vom 02.11.2020

Juvenile myelomonocytic leukemia: International classification model allows for customized treatment

Joint press release from NCT Heidelberg und KiTZ

Juvenile myelomonocytic leukemia (JMML) is a rare blood cancer of early childhood. Previous research activities have shown that JMML patients can be divided into three groups based on certain genetic markers, DNA methylation. Depending on the subgroup, statements can be made about the course of the disease. Scientists of the German Cancer Research Center (DKFZ), the National Center for Tumor Diseases (NCT) Heidelberg and the Medical Center University of Freiburg, together with international colleagues, have now defined a globally valid uniform methodology for the use of methylation status as a biomarker in JMML based on a database of 255 patients. The classification method is designed to be used in everyday clinical practice. One of the aims of the researchers is to identify high-risk patients more quickly in order to give them access to innovative treatments in clinical studies.

The National Center for Tumor Diseases (NCT) Heidelberg is a joint institution of the German Cancer Research Center (DKFZ), Heidelberg University Hospital (UKHD) and German Cancer Aid (DKH).

Juvenile myelomonocytic leukemia (JMML) mainly affects children, usually before the end of the second year of life. So far, blood stem cell transplantation is the only form of treatment. If this therapy is not successful, the disease is often fatal.

Researchers have found out that the development of cancer is not only a purely genetic process. Markers on the genetic material can also promote the uncontrolled growth of cells. Scientists have therefore also examined the genetic material of JMML cells for the occurrence of certain chemical genetic markers, DNA methylation. These so-called epigenetic changes control the activity of individual genes. "Depending on how strongly the DNA is methylated, JMML patients can be divided into three groups: Patients in whom the genetic material of the tumor cells is strongly methylated usually show characteristics that are associated with an increased risk of relapse after stem cell transplantation. In another group of patients whose tumor genome is only weakly methylated, the disease usually progresses milder. A third group has a medium level of DNA methylation," reports Daniel Lipka, head of the Section Translational Cancer Epigenomics in the Department of Translational Medical Oncology at DKFZ and the NCT Heidelberg. The analysis of DNA methylation status is therefore now also used as a biomarker to better assess the course of disease in JMML patients.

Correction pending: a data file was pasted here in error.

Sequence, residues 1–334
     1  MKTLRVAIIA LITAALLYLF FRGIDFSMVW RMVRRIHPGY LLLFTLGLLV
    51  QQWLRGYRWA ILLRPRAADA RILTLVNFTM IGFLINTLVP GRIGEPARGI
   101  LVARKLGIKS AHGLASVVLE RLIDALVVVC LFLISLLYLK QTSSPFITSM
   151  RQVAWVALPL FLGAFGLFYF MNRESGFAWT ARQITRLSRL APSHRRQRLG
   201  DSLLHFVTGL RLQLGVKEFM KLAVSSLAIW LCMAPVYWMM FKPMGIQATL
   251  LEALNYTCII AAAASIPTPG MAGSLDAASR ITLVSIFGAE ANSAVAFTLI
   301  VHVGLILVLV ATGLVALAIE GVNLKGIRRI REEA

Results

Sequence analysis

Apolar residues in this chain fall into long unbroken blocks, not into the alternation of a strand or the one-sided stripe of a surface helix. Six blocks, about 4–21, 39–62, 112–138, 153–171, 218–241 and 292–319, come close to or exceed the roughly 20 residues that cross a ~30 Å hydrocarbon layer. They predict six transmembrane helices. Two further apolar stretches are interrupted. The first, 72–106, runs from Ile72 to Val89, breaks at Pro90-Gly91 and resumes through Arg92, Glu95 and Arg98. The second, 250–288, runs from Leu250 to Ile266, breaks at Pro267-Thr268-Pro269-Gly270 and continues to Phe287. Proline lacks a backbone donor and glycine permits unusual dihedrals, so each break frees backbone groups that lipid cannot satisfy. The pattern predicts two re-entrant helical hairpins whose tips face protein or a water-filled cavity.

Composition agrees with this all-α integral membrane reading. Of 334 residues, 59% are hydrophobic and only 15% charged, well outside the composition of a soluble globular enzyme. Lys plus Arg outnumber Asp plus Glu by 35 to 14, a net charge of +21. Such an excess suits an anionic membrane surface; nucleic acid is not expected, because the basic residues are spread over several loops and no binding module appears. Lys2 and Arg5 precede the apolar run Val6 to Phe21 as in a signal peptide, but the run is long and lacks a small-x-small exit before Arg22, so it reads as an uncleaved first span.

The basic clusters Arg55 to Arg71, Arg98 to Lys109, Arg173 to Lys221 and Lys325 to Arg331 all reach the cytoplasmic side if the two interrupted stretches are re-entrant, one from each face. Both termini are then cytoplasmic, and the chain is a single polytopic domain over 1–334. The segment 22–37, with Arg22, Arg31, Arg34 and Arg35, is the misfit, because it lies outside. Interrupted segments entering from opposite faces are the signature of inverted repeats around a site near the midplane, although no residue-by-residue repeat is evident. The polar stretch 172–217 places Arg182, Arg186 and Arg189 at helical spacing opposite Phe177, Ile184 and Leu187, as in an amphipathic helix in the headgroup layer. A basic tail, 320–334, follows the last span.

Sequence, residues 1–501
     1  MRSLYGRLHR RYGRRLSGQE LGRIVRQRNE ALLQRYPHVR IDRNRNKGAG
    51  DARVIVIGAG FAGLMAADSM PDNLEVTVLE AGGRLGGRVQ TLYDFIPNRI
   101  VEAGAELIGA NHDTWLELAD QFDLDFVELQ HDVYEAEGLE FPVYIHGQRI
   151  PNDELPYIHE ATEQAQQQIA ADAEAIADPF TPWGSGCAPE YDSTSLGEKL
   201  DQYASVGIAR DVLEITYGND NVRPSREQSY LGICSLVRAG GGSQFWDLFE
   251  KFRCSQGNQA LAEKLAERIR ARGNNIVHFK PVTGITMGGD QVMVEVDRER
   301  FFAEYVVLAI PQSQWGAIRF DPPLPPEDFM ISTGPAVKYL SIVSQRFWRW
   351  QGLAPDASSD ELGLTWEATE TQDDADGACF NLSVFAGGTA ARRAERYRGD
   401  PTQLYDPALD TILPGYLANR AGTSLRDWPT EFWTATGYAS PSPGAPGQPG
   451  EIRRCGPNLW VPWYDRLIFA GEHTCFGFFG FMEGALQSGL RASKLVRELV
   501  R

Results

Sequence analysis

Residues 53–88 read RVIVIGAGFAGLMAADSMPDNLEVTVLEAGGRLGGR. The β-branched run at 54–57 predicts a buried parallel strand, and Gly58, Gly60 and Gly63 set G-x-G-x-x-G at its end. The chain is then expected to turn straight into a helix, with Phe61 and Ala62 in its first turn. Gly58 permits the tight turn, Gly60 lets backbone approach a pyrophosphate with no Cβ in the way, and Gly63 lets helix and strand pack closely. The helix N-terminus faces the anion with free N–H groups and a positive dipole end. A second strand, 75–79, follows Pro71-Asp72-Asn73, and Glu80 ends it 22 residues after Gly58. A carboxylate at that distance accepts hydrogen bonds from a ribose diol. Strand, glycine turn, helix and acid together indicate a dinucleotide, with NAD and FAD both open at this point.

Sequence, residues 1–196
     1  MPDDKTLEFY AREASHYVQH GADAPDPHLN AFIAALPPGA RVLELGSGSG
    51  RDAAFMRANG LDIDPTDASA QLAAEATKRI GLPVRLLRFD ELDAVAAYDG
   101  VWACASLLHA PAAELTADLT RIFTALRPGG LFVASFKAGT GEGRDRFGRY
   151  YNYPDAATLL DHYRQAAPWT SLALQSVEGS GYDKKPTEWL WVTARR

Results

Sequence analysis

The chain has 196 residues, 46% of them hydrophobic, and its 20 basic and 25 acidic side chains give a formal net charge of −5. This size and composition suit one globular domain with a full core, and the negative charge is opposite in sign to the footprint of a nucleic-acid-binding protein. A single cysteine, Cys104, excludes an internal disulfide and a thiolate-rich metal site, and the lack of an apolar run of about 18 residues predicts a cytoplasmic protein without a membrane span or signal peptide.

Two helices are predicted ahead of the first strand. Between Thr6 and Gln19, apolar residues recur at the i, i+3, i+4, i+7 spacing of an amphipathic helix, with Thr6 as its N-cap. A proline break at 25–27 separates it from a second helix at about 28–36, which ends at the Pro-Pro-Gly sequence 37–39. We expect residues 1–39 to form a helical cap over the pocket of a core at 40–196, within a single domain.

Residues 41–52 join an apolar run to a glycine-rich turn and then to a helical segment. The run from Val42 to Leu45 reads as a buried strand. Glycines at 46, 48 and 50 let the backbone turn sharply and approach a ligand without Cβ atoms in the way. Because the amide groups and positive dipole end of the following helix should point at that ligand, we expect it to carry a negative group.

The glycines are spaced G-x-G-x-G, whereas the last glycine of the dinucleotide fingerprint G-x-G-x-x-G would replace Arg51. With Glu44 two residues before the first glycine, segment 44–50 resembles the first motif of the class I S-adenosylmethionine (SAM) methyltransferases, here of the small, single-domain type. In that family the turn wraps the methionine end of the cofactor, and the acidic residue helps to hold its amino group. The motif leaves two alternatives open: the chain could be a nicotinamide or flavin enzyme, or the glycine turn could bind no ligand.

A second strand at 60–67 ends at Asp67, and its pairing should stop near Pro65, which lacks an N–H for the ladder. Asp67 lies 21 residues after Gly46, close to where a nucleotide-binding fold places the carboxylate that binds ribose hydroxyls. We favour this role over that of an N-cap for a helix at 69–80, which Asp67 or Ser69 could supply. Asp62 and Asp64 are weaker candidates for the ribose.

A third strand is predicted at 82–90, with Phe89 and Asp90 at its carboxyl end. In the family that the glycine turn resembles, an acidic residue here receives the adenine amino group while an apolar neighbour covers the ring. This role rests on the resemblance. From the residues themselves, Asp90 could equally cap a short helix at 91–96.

In the present study, international scientists and physicians have defined a standardized methodology for subgrouping JMML based on the DNA methylation pattern. For this purpose, the genetic analyses of 255 patients were evaluated and clinically and biologically characterized. "Our analysis was able to detect the methylation pattern as the only significant factor that can predict overall survival in this particular disease," reports Maximilian Schönung, first author of the publication and scientist in the Section Translational Cancer Epigenomics of the Department of Translational Medical Oncology at DKFZ and at the NCT Heidelberg. The researchers tested the method in an independent patient group and also investigated whether the analyses produce reliable results at different locations and with different technical conditions. The results of the group classification were in 98 percent agreement and thus proved the high reliability of the classification method. "Thanks to the international standard procedure, JMML patients can now be more reliably assigned to the three subgroups. In particular, high-risk patients for whom an allogeneic blood stem cell transplantation is not curative can now be identified more quickly," says Christian Flotho, scientist in the German Consortium for Translational Cancer Research (DKTK) at the University of Freiburg Medical Center. "For this challenging group of patients, we are working together with the European study group EWOG-MDS to develop clinical studies that will open up access to innovative treatment options," adds Lipka.

Original publication
M. Schönung, J. Meyer, P. Nöllke, A. Olshen, M. Hartmann, N. Murakami, M. Wakamatsu, Y. Okuno, C. Plass, M. Loh, C. M. Niemeyer, H. Muramatsu, C. Flotho, E. Stieglitz, D. B. Lipka: International consensus definition of DNA methylation subgroups in juvenile myelomonocytic leukemia. CCR, DOI: 10.1158/1078-0432.CCR-20-3184

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Further information to leukemia illnesses in the child age, their research and a patient service for second opinions finds it on the web page of the Hopp Children's Cancer Center Heidelberg (KiTZ): www.kitz-heidelberg.de

Press contact:

Dr. Friederike Fellenberg
National Center for Tumor Diseases Heidelberg (NCT) Press and Public Relations Im Neuenheimer Feld 460
69120 Heidelberg
Tel.: +49 6221 42-1755
E-mail: friederike.fellenberg@nct-heidelberg.de

Dr. Sibylle Kohlstädt
German Cancer Research Center (DKFZ)
Strategic Communication and Public Relations Im Neuenheimer Feld 280
69120 Heidelberg
Tel.: +49 6221 42-2843
E-mail: s.kohlstaedt@dkfz.de

Doris Rübsam-Brodkorb